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Dawa had already reached the vaccination center in Mahankal, Boudha at 4 am. It was July 19, the first day of the Johnson & Johnson vaccination drive that had started in the Kathmandu Valley, and he had gotten up exceptionally early so as to not miss his chance at finally getting inoculated.
But after waiting for almost four hours, at around 8am, there was an air of confusion. Health officials started saying that they had not received any order from the government to administer the vaccine to refugees. They also said everyone was mandated to fill up an online vaccine form. They turned away Dawa, and many other Tibetan refugees like him.
But a day earlier, the Health Ministry had issued a notice clearly stating those within the age group of 50-54, people with disabilities, refugees, and front line workers who had missed getting the jabs would be eligible to get the Johnson & Johnson vaccine.
“I had filled up the online registration form as well, the one that the ministry asked everyone to fill many months ago, but officials said they were talking about some other form. The officials then told us to go to the IOM [International Organization for Migration] in Baluwatar. With no other choice, we immediately went there,” said Tenzin, 49, who is choosing to go with his first name only. “Even there, we waited for hours in the parking lot. They gave us tokens and told us they could vaccinate around 120 people. Then, at around 11am, they said they had run out of vaccines. It was very frustrating.”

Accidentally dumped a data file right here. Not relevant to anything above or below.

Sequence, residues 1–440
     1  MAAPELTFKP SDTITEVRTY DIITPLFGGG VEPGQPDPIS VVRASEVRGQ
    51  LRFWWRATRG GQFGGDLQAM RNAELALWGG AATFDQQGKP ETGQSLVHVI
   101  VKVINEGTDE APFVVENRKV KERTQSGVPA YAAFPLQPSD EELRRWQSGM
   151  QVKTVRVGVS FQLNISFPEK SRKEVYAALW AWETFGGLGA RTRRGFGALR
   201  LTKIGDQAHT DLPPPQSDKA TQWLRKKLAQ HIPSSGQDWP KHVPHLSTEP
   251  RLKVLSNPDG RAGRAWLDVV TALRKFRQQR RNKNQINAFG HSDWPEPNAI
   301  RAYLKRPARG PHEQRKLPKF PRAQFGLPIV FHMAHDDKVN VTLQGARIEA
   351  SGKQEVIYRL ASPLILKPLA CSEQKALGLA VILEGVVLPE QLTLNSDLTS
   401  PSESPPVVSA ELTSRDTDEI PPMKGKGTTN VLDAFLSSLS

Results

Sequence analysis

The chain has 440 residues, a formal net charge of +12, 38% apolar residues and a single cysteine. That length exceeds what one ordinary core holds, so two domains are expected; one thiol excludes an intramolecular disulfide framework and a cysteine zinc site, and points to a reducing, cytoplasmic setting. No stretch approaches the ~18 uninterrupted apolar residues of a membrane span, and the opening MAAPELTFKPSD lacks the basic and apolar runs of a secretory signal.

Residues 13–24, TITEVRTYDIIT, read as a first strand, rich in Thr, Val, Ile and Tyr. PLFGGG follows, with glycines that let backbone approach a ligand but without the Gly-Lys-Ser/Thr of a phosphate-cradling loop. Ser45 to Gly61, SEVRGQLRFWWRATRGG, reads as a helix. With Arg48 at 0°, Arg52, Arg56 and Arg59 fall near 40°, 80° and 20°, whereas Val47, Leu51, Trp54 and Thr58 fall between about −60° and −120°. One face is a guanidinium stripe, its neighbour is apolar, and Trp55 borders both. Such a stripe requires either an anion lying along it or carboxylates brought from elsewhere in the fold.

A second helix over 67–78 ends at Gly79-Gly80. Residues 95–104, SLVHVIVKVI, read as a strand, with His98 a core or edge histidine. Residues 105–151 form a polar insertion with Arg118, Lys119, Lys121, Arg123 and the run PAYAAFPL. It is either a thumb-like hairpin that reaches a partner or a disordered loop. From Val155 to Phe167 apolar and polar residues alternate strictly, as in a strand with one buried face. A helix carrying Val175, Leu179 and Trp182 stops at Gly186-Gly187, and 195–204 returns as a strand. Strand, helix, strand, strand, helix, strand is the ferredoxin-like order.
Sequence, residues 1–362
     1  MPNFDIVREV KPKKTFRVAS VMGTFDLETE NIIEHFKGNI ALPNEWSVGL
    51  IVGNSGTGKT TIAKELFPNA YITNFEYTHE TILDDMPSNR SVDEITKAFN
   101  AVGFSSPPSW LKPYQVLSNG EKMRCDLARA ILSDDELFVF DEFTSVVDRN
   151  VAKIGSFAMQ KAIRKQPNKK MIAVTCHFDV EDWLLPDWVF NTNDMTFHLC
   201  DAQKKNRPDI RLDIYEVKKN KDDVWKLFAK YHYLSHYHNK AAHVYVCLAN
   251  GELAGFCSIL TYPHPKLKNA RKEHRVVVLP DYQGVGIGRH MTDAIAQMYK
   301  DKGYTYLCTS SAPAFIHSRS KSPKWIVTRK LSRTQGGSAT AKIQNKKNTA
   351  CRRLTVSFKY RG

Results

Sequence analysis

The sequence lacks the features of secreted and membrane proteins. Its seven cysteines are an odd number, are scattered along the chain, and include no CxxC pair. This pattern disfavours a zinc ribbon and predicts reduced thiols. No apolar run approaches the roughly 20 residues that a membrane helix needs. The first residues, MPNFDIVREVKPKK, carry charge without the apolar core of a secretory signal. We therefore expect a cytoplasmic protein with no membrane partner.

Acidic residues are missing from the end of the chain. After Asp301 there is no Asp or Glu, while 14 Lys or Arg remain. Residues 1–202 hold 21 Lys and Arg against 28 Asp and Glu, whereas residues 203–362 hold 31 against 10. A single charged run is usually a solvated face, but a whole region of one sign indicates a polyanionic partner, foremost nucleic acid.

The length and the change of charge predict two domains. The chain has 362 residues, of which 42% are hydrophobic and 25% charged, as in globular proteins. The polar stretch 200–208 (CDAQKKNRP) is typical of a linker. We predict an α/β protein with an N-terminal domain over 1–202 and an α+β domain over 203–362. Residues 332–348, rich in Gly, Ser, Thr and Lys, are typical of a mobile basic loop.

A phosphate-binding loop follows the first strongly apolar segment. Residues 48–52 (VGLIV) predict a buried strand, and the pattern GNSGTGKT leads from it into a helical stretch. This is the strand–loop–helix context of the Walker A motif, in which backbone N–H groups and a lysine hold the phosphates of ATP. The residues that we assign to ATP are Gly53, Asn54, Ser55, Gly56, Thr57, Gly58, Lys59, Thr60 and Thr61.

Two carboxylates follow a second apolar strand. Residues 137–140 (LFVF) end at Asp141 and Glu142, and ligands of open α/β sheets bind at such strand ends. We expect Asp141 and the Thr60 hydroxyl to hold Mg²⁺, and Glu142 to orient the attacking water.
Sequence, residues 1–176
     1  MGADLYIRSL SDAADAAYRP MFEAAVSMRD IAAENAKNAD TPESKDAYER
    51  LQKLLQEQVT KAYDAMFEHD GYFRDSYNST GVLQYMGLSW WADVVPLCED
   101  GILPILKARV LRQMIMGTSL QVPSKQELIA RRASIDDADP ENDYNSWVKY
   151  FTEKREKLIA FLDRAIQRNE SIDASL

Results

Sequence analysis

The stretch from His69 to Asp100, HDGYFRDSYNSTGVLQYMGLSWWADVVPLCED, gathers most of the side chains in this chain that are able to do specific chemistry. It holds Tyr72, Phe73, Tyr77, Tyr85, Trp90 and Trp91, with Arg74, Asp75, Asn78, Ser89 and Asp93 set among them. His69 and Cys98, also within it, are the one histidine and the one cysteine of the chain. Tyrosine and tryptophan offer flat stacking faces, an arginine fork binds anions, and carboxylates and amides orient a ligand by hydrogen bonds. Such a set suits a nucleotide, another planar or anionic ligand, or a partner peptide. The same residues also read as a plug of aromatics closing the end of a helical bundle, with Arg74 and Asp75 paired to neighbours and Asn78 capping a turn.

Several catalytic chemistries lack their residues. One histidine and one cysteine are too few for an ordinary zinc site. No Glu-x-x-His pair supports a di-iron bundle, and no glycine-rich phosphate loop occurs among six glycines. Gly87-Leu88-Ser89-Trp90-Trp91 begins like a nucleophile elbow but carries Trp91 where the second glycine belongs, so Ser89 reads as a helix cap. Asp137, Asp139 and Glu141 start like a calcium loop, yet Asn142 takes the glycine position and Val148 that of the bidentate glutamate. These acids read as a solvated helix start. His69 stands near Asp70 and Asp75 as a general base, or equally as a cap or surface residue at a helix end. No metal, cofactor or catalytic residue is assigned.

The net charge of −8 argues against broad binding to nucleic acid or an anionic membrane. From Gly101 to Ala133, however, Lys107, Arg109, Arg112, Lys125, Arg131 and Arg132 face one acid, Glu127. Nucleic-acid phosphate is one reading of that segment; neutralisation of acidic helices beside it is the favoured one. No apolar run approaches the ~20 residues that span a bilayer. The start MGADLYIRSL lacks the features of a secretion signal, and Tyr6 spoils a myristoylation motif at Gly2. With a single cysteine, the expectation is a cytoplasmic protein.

Dejected, he had just returned home to Boudha when he found out through friends that a vaccination center in Jorpati vaccinating refugees. There, he, his wife, and daughter, were finally able to get their jabs. “I was very worried that my family would not get vaccinated, considering my refugee status,” said Dawa. “I am just glad that we finally got our vaccines.”
Dawa’s case is one example of how in the midst of bureaucratic chaos, lack of adequate information and plain mismanagement, many are having a difficult time accessing vaccines. After the botched first and second vaccination drives in January and March, the government had eased the process in the third round by involving local governments and allowing them to coordinate the drive. This time around, only a handful of vaccination centers have been authorized, and often, there is conflicting information about who is eligible when the vaccines will be given, and how many doses will be given out in a day.
To add to the confusion, the vaccination campaign was abruptly halted on July 21, Wednesday, citing vaccine shortage.
“People were coming in on Thursday morning looking to get vaccinated but we did not receive any vaccines. The ministry says they have run out,” said Ram Bikram Adhikari, spokesperson for Bir Hospital. “We only received around 5oo doses for three days. Where did the rest of the 1.5 million doses go?”
Local bodies too are facing a shortage of vaccines, even though 1.5 million doses of the Johnson & Johnson vaccine were delivered to Nepal on July 12 through COVAX. An additional 1.6 million doses of the Verocell vaccine have also been delivered.